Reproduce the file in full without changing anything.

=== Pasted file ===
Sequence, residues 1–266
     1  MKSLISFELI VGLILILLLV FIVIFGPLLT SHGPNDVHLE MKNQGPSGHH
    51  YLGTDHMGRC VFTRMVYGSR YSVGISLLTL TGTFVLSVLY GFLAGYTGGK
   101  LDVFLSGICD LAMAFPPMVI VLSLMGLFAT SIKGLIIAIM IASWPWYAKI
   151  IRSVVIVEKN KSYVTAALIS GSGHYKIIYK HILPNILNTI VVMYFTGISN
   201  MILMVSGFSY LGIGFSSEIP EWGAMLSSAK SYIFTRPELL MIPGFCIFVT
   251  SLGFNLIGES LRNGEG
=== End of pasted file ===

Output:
Sequence, residues 1–266
     1  MKSLISFELI VGLILILLLV FIVIFGPLLT SHGPNDVHLE MKNQGPSGHH
    51  YLGTDHMGRC VFTRMVYGSR YSVGISLLTL TGTFVLSVLY GFLAGYTGGK
   101  LDVFLSGICD LAMAFPPMVI VLSLMGLFAT SIKGLIIAIM IASWPWYAKI
   151  IRSVVIVEKN KSYVTAALIS GSGHYKIIYK HILPNILNTI VVMYFTGISN
   201  MILMVSGFSY LGIGFSSEIP EWGAMLSSAK SYIFTRPELL MIPGFCIFVT
   251  SLGFNLIGES LRNGEG